During the vacations, look for work experience opportunities at the various film studios across the UK, such as Pinewood, Leavesden, Shepperton, Media City (Salford). The National Film and Television School also offers volunteering opportunities on their student productions.

Even when you leave Oxford you may need to continue a portfolio approach to your career. This involves undertaking a variety roles in order to develop skills and experience, build networks and survive financially. It’s quite typical for new entrants in the industry to have a “day job” that pays the bills and practice their craft in their spare time, to build enough expertise to apply for paid roles. However, a little experience can go a long way – and the people you will be competing against face the same challenges, so if you combine some experience with passion, commitment and good research into your chosen areas, you can make a stand-out case to be considered. Use every experience as a networking opportunity, no matter how small it may seem, as you never know what it may lead to in future.

When making “speculative approaches” you may need to write to a lot of places and receive a lot of rejections (or just don’t hear back!) before you get what you want, so be prepared to work at it and tailor your approach to each role. Most film and TV companies have their own websites, so find them, explore them, find a relevant email address and write to them. When writing, explain, who you are, why you want to work for them (write about their work), what you want to do and what skills you can bring to the job. Be passionate in your application and demonstrate your enthusiasm for new ideas – always supporting this with real examples of your work/previous experience, If you’ve been making your own films, writing, designing etc, it’s important to let them know.

Also, be persistent, you can contact them every few months to remind them that you’re still interested and you never know, the right opportunity may appear several months after your initial contact.

Getting work experience on a production or in a company's offices may be a little more difficult right now, if there are restrictions on crew member numbers on set or how many people can work in an office (as a result of the Covid-19 pandemic), however don't panic, persevere! It's an evolving situation - keep up to date on industry news by, reading columns on TV & Film in national newspapers, following leading organisations in the industry such as the BFI, BAFTA, Royal Television Society and publications such as Empire Magazine, The Hollywood Reporter and Variety. 

What to do during your work experience

When you have the opportunity to get hands-on experience, seize the opportunity to build and cultivate a reputation for being hard-working, personable and willing to go the extra mile. In all of your jobs, make a contribution and learn what you can: get involved and don’t become frustrated if you seem to be asked to do anything and everything by the team. One Oxford alumnus commented that “time spent making a cup of tea is never time wasted – and there’s often a chance for a chat when you deliver that cuppa”.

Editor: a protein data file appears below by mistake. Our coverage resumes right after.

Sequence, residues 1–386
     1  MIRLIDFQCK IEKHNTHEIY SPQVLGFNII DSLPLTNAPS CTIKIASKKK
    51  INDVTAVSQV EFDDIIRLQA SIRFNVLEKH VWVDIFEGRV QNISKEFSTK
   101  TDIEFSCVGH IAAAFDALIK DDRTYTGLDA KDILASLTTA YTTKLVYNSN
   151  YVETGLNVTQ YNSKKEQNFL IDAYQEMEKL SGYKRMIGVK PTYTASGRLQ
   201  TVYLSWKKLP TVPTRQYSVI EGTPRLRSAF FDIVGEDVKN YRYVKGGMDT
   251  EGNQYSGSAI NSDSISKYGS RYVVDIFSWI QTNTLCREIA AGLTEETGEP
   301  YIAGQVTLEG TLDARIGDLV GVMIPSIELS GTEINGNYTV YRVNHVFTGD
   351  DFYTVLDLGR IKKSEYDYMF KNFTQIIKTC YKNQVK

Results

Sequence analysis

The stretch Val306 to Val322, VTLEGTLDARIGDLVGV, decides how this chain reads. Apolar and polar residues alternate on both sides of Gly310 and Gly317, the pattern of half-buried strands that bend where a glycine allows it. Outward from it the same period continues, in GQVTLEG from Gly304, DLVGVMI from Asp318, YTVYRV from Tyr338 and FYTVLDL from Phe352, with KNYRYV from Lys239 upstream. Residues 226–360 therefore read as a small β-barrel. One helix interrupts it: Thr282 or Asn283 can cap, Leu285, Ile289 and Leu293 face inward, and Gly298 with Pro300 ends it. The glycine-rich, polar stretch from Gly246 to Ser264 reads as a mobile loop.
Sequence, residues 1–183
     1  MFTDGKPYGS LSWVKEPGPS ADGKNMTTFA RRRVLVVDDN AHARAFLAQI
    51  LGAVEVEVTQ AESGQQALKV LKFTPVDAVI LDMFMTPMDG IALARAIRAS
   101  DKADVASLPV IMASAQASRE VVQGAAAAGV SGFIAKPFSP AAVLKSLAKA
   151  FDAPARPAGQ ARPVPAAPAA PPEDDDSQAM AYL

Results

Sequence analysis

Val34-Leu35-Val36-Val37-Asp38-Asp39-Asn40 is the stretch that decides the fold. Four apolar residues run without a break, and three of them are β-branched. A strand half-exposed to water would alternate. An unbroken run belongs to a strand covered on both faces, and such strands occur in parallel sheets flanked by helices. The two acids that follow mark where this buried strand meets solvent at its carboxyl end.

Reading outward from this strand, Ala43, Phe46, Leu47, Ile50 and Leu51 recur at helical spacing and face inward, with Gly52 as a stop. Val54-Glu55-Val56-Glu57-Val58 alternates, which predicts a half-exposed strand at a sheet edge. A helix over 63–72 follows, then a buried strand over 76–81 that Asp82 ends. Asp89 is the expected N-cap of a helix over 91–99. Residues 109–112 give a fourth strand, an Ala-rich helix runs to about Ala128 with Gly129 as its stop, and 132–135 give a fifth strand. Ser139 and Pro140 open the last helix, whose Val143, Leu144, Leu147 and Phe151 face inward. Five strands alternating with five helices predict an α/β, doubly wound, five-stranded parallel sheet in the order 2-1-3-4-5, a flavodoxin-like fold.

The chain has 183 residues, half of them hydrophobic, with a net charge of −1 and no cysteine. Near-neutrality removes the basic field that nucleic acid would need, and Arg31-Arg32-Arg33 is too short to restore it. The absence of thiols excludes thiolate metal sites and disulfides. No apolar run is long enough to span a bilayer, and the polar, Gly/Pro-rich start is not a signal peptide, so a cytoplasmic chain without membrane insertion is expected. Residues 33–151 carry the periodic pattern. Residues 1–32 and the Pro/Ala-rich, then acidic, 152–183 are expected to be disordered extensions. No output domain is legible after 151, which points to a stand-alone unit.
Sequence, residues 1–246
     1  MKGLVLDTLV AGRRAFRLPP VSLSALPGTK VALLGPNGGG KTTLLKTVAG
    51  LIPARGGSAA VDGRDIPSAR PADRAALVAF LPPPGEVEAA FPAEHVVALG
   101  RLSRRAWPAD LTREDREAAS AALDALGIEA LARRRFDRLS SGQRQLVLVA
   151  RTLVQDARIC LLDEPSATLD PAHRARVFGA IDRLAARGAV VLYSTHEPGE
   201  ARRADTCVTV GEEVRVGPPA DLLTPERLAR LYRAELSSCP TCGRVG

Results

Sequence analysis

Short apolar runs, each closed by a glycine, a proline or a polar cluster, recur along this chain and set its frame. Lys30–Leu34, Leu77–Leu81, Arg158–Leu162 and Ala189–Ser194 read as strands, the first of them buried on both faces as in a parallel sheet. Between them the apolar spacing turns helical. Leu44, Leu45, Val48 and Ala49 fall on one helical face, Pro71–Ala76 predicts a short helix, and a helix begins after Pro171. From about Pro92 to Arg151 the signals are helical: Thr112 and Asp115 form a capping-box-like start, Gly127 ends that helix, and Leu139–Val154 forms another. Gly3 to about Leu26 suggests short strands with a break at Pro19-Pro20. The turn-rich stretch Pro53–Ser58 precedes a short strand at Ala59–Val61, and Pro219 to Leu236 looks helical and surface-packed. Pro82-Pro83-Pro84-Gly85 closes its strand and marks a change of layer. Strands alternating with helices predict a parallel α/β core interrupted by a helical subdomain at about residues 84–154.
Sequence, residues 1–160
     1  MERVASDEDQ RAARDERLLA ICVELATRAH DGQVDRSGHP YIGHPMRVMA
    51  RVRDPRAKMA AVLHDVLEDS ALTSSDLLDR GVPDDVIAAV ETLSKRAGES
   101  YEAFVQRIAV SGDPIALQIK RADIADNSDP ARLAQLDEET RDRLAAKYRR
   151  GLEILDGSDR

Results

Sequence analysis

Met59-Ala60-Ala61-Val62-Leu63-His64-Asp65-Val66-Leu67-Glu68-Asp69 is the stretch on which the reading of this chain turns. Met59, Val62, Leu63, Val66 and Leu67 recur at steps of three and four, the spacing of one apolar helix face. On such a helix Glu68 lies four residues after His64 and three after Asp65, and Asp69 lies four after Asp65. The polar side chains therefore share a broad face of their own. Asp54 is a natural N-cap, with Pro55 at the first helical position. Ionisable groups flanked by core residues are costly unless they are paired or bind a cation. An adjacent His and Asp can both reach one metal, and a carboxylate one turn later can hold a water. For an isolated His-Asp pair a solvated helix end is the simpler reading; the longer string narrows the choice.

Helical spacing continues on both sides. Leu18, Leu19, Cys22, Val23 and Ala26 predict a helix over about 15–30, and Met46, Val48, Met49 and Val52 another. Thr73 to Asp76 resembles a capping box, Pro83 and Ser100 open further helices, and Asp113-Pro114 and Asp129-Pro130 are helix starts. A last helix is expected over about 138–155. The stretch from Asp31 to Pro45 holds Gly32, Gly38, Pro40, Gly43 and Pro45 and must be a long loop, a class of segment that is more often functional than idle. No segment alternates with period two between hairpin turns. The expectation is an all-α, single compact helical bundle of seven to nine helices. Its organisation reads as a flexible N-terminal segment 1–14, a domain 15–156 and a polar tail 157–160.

• Work hard and be professional – in an often high pressured environment, it’s important to demonstrate the same level of commitment and professionalism as your colleagues
  • Be engaged, interact with your colleagues and be friendly – this is an industry built on networks and often involves long hours, so people need to want to be in your presence for long periods of time
  • Talk to your colleagues: getting on with people is crucial, but most importantly genuine passion for the job or the programme you are associated with will show and that will be appreciated.
  • Ask people about their jobs – learn about the job from as many different perspectives as you can, ask them how they got to their current position. People usually like talking about themselves and their experiences, but choose your moment!  Don’t start quizzing them if they are busy or stressed out.
  • Don’t claim to have a skill or know something unless you actually do!
  • Make yourself indispensable – the more people come to rely on you, the better chance of keeping hold of a job or getting another contract.
  • Make other peoples’ lives easier – anticipate what needs to be done and do it for them or volunteer your services. Look for solutions rather than bring problems.
  • Be prepared to put in that extra shift… to stay on to help clear up at the end of the day. Your next job will probably come through word of mouth, so being willing to help the team to the end is a good reputation to foster.

In this industry “you are your brand” so make sure that you reflect the image you would like to portray in everything you do. Periodically check your on-line presence on a range of search engines and make sure any social media accounts also correlate with your chosen professional image – your future employers may check!

There are several and different routes into film and television and it’s important to know what the typical route is for your area of interest. Screen Skills  and BAFTA Guru are great resources for finding out about various entry routes into the business. Also do your own research on people whose work you admire, using websites such as IMDB (Internet Movie Database) and/or LinkedIn to find out more about their career path and trajectory.